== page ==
Cal. Litig. 2019, Volume 32, Number 3
- A Journey to a Paramount Moment in International Dispute Resolution: the Singapore Convention
- An Honorarium to Stan Bachrack
- California-Federal Procedural Contrast: Conjecture About Selected Differences
- Choosing and Using Case Authority: Tips and Ethics for Litigators
- Climate Change Comes to the Ninth Circuit: Juliana v. U.S. Tests a Novel Due Process Claim with Far-Reaching Implications for Environmental Litigation
- Editor's Foreword Still Flying High
- From the Section Chair 2019 Was Great; Let's Make 2020 Better
- Is It Time for a Major Shift in Thinking About Under-Publication of Court of Appeal Opinions in California?
- Letters To the Editor
- Out with the Old, in with the New - Try an Updated Approach to Jury Selection
- Roberts Rules: the Census and Gerrymandering Cases
- Table of Contents
- The Browns of California: the Family Dynasty That Transformed a State and Shaped a Nation
- The California Supreme Court, 2018-2019: the Rise of the Brown Court?
The California Supreme Court, 2018-2019: The Rise of the Brown Court?
By Kirk C. Jenkins
Kirk Jenkins is an appellate specialist at Horvitz & Levy in San Francisco.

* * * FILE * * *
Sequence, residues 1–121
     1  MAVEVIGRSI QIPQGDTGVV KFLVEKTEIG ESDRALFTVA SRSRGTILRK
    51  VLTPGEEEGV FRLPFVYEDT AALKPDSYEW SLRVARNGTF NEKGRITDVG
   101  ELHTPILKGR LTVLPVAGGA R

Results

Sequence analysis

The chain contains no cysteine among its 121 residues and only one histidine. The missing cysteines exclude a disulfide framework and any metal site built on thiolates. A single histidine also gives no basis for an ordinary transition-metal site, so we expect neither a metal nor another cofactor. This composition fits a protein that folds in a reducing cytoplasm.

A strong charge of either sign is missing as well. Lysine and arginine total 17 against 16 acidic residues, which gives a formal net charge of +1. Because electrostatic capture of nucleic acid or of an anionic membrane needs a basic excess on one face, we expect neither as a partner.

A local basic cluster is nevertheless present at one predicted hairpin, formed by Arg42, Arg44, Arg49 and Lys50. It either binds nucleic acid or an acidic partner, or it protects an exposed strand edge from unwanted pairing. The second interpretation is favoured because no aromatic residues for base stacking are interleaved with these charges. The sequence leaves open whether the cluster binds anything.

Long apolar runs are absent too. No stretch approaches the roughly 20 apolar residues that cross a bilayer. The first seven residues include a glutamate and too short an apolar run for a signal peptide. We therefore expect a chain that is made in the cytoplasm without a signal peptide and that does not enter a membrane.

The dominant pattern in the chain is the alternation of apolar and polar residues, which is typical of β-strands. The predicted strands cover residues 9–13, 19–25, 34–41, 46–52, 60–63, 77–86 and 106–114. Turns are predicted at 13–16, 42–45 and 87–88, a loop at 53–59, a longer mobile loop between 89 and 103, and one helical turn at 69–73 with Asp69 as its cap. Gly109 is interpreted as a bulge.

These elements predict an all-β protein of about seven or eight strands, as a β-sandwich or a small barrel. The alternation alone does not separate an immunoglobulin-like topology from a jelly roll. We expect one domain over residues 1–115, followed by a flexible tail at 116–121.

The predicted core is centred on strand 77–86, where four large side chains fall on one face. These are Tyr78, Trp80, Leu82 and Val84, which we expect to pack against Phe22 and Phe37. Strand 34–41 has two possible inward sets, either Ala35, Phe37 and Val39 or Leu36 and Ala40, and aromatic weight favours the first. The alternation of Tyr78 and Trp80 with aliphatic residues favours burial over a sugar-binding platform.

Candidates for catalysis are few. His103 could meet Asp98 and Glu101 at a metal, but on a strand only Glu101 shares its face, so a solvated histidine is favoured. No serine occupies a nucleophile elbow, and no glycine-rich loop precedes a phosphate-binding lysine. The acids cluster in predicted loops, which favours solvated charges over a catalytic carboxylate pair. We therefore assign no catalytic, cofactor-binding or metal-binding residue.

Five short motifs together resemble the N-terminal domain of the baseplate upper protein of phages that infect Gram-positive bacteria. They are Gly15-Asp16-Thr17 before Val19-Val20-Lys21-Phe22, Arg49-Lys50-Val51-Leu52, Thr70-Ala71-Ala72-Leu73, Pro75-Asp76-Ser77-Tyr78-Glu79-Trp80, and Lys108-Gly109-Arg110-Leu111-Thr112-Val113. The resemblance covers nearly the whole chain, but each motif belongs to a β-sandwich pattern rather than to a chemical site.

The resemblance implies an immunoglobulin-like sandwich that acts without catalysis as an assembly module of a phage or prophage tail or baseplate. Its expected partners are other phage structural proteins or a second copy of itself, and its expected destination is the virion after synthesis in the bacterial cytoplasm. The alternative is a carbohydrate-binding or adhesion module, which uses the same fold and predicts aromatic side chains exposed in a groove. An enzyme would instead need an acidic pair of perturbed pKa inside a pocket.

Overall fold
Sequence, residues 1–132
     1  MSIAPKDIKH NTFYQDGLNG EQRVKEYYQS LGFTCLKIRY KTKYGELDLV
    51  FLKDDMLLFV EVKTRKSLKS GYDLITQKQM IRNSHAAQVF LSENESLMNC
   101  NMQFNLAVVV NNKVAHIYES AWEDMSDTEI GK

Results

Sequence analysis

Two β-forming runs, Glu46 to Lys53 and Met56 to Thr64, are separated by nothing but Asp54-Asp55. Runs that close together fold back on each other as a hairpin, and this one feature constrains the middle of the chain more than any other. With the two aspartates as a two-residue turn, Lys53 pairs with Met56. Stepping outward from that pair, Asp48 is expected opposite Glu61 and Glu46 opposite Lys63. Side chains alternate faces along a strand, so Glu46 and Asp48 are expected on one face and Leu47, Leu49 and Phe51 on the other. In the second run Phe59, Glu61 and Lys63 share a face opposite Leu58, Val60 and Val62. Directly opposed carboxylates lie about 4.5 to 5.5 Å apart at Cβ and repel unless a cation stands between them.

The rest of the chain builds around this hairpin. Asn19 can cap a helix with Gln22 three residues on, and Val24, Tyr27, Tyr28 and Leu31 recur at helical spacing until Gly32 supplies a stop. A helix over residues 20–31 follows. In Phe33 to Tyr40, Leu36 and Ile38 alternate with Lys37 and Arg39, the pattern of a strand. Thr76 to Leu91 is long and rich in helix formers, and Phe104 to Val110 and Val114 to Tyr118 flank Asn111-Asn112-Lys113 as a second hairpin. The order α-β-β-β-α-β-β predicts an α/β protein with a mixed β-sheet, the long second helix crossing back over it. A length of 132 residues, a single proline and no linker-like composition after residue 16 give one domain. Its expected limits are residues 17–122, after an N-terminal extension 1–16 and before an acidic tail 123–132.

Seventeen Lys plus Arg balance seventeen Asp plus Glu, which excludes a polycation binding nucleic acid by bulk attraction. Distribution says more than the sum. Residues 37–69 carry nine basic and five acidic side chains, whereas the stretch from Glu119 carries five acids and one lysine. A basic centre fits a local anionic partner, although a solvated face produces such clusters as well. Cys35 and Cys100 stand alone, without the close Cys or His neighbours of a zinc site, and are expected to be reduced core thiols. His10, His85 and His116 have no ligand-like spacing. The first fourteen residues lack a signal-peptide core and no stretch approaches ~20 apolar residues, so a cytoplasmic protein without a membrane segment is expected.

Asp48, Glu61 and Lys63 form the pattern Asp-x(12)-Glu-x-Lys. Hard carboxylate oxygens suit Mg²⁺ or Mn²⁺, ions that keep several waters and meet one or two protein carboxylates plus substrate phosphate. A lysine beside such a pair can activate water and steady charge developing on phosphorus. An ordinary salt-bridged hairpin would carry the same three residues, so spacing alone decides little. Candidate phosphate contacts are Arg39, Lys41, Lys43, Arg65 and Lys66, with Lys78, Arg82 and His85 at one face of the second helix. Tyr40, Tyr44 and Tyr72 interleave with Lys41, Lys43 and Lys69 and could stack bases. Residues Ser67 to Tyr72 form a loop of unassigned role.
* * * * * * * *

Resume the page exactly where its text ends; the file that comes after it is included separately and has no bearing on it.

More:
With the swearing-in of Justice Joshua P. Groban on January 3, 2019, the longest vacancy in the history of the California Supreme Court came to an end. With the change, some predicted that the philosophical composition of the Court would shift for the first time in 32 years with four nominees of former Governor Jerry Brown and three nominees of Republican Governors. The change raises two primary questions for our review of the Court’s 20182019 judicial year (JY): Does the addition of a seventh justice tell us anything about how the Court was operating during the extended Wer-degar vacancy, and will a fourth Democratic nominee to the Court signal a shift to a more liberal Court in one or more areas of the law?
For JY2019, the Court decided a total of 75 cases (32 civil, 43 criminal). This was a 12% percent drop from the previous year, when the Court decided 85 cases (36 civil, 49 criminal), and even a bit more of a drop from JY2017, when the Court decided 90 cases (46 civil, 44 criminal). This does not appear to be a sustained trend, however; the Court decided 78 cases in JY2016 and only 74 in JY2015.